However, energy policy is, as with most aspects of Chinese life, more complicated and more susceptible to internal and external pressures than many observers believe. The reaction of the Chinese leadership to these pressures gives us hope that the country can free itself of dirty coal, and that this day may come sooner rather than later.”
“Solar is an incredible source of energy and could be an answer to climate change so it’s no surprise that there are lots of incredible facts about solar power and solar technology.
From the weird and wonderful to how solar panels could benefit your day-to-day life, here are our top 10 solar facts…
1. The sun sends more energy to earth in an hour than humans use in a year
430 quintillion (that’s 430 followed by 18 zeros) Joules of energy hits the Earth from the sun every hour while we use 410 quintillion Joules each year. Not only that, the light from the sun carrying the energy only takes around 8 minutes to make the 91 million mile journey.
2. Enough solar panels are installed in China every hour to cover a football pitch
Not only is China adopting solar technology at quite a pace, they’re also coming up with creative ways to install them – Northern China is home to a giant solar panda and Southern China can boast the world’s largest floating solar installation. So it looks like they’ll just keep installing them. Well, until they run out of space…
3. A solar-powered home can reduce CO2 emissions by 100 tons within 30 years
100 tons might sound like a lot and that’s because it is and this statistic even takes into account the energy used to manufacture the solar panels.
4. Charles Fritts developed the first ever solar cell panel in 1883
American inventor, Charles Fritts, is credited with having invented the first solar cell panel by coating selenium with a thin layer of gold. It had an efficiency of 1-2% which looks small compared to the 10-20% efficiency of modern solar panels on UK homes.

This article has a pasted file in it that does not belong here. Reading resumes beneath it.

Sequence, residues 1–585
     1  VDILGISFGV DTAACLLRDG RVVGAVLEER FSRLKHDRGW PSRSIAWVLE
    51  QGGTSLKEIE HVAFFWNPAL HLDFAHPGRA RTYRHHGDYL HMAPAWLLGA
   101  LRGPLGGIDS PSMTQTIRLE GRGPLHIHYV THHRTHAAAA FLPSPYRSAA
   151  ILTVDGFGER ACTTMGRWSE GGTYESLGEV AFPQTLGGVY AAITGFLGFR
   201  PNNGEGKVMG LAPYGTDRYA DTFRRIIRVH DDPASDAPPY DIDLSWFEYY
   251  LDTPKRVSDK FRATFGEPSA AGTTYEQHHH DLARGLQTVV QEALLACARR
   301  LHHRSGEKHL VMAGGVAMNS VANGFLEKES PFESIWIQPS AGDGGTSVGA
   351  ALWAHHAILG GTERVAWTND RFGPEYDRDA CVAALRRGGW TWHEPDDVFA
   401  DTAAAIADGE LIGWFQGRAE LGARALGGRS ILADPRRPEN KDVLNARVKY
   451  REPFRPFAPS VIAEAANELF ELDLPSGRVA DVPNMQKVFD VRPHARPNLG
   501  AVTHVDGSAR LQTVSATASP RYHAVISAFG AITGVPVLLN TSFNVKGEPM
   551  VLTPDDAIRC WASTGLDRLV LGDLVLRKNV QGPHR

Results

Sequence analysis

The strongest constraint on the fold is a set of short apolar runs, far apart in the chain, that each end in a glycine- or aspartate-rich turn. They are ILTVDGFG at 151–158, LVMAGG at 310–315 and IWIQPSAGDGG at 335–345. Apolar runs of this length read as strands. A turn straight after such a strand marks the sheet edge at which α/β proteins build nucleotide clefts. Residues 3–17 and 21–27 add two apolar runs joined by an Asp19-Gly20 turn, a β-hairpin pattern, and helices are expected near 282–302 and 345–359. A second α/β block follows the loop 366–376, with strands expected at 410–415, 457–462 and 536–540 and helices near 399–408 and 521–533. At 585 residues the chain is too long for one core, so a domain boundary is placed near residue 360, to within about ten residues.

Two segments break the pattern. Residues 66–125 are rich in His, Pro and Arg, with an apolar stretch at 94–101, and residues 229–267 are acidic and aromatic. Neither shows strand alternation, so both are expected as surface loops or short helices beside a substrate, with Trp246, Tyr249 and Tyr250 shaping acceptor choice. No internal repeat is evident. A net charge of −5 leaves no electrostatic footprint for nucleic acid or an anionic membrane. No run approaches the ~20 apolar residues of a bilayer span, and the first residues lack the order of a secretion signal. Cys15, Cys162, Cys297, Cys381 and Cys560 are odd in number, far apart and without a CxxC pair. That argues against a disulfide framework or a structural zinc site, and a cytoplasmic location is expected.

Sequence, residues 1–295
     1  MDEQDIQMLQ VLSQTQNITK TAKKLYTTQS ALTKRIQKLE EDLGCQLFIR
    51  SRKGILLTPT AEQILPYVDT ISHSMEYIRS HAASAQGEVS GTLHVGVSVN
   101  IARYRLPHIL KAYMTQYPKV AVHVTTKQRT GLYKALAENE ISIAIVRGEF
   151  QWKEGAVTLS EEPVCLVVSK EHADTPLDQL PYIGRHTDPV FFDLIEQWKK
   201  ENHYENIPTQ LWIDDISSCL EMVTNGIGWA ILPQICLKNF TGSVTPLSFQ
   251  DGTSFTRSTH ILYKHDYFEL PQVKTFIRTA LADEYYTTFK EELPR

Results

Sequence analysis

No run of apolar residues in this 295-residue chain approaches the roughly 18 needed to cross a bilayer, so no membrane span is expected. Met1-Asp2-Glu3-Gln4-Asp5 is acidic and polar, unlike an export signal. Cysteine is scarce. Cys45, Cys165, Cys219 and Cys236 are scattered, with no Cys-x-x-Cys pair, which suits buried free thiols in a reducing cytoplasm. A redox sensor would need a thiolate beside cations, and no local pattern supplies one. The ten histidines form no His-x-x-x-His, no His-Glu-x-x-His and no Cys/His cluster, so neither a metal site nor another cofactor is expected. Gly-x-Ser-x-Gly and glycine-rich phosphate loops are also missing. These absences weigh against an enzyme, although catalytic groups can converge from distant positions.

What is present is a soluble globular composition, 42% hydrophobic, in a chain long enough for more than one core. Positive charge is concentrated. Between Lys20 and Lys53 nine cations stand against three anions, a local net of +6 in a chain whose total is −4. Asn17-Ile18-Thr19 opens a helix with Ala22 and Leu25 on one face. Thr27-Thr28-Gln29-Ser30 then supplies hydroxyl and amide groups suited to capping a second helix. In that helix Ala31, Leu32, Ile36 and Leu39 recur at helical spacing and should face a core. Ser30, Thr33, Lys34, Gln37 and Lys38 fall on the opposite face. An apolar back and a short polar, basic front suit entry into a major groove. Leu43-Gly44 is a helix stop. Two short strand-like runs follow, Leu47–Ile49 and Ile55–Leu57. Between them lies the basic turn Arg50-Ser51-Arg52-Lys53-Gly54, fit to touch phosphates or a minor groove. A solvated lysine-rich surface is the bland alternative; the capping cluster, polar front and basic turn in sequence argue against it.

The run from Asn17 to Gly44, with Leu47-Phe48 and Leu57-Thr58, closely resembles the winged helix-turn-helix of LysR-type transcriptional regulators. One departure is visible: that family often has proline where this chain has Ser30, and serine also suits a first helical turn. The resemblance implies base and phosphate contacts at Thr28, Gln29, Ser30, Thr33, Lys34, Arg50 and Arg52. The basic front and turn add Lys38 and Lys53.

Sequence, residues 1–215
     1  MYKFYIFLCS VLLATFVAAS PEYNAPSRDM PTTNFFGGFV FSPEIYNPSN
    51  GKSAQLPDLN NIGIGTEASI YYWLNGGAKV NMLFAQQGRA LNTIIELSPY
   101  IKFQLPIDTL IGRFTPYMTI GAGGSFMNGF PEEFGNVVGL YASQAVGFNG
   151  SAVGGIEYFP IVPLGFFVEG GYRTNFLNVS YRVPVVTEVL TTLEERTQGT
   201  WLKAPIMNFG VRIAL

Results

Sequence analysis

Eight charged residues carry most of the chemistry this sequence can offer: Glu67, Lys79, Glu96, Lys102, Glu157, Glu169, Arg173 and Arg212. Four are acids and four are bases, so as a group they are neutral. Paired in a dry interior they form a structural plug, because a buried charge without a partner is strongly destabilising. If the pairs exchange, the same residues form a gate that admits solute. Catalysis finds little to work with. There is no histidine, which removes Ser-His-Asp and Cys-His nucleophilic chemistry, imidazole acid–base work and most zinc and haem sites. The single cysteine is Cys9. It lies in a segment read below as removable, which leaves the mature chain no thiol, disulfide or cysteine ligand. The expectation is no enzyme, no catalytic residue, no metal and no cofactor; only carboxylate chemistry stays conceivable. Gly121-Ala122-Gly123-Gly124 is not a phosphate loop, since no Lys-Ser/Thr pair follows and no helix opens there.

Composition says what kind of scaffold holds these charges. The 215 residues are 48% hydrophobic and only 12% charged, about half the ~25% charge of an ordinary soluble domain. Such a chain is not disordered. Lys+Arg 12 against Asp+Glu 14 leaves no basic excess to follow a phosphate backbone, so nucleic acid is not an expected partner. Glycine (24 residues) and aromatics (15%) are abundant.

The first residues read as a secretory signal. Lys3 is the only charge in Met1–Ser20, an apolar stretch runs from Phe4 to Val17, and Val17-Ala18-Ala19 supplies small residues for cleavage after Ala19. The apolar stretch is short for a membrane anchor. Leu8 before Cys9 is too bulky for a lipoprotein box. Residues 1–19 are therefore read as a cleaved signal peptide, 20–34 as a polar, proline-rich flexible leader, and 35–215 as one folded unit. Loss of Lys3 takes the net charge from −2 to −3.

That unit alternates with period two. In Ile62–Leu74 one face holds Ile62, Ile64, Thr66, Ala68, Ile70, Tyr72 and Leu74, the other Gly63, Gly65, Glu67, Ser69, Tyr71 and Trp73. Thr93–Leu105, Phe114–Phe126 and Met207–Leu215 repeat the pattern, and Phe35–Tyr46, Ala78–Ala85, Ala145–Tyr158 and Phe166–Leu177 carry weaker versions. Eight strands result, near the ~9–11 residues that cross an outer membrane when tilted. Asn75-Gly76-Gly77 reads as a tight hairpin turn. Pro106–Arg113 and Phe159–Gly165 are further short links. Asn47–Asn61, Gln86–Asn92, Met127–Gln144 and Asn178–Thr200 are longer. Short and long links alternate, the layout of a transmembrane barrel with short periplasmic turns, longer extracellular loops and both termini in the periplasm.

5. If we covered a small fraction of the Sahara desert with photovoltaic cells, we could generate all of the world’s electricity requirements
The sun shines brighter on the Sahara Desert than anywhere else on Earth and covering roughly 1% of it in solar panels could meet the electricity requirements of everyone on Earth.
6. Countries now use solar energy to power spaceships
One example is the Mars Observer which used an expandable 6 panel solar array to generate its energy from the sun.
7. In March 2015 the Solar Impulse plane left Abu Dhabi for the first ever round the world trip in an aircraft powered by solar energy
Carrying more than 17,000 solar panels, the Solar Impulse 2 spent 23 days in the air, making 23 stops along the way.
8. Solar panels don’t need direct sunlight to work
Solar panels generate energy from daylight rather than direct sunlight so will work on cloudy days. They just won’t be generating anything during the night but installing a solar battery means that you can still use solar energy during the night.
9. India is home to the world’s largest solar power park which consists of 2.5 million solar panels
Located in Kamuthi, Tamil Nadu, the world’s largest solar park covers 2,500 acres and has a capacity of 648 megawatts which is thought to make enough power for around 750,000 people.
10. You can generate energy together with your local community with a solar garden
Solar gardens or shared renewable energy plants can generate electricity that’s shared around a community which means that you don’t need to have the panels installed on your property.”